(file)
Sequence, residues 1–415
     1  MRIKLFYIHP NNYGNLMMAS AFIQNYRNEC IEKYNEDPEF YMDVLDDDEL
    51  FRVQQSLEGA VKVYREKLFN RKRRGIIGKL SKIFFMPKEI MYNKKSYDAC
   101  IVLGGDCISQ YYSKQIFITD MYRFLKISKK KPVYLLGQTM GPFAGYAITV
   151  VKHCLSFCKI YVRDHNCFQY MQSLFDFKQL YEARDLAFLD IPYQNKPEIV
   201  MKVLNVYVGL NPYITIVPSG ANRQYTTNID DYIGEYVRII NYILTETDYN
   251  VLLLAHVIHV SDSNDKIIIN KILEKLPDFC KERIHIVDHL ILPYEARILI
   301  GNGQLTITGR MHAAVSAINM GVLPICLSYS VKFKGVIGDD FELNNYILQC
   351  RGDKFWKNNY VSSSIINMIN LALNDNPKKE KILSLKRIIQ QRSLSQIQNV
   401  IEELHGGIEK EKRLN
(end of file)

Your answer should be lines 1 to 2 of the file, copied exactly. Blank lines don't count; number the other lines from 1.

Sequence, residues 1–415
     1  MRIKLFYIHP NNYGNLMMAS AFIQNYRNEC IEKYNEDPEF YMDVLDDDEL